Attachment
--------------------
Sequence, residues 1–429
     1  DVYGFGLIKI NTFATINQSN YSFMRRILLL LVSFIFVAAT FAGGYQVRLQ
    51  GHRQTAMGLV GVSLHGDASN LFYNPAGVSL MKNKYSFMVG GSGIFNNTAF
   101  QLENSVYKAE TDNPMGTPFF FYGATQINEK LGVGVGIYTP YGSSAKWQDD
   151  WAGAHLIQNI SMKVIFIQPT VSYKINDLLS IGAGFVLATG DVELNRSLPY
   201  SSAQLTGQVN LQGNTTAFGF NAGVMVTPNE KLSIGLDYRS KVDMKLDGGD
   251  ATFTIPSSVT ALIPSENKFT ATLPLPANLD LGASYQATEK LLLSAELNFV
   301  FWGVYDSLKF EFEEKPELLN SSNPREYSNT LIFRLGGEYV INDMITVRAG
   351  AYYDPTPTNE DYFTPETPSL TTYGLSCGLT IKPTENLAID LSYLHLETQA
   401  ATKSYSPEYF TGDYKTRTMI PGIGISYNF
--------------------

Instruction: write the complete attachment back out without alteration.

Sequence, residues 1–429
     1  DVYGFGLIKI NTFATINQSN YSFMRRILLL LVSFIFVAAT FAGGYQVRLQ
    51  GHRQTAMGLV GVSLHGDASN LFYNPAGVSL MKNKYSFMVG GSGIFNNTAF
   101  QLENSVYKAE TDNPMGTPFF FYGATQINEK LGVGVGIYTP YGSSAKWQDD
   151  WAGAHLIQNI SMKVIFIQPT VSYKINDLLS IGAGFVLATG DVELNRSLPY
   201  SSAQLTGQVN LQGNTTAFGF NAGVMVTPNE KLSIGLDYRS KVDMKLDGGD
   251  ATFTIPSSVT ALIPSENKFT ATLPLPANLD LGASYQATEK LLLSAELNFV
   301  FWGVYDSLKF EFEEKPELLN SSNPREYSNT LIFRLGGEYV INDMITVRAG
   351  AYYDPTPTNE DYFTPETPSL TTYGLSCGLT IKPTENLAID LSYLHLETQA
   401  ATKSYSPEYF TGDYKTRTMI PGIGISYNF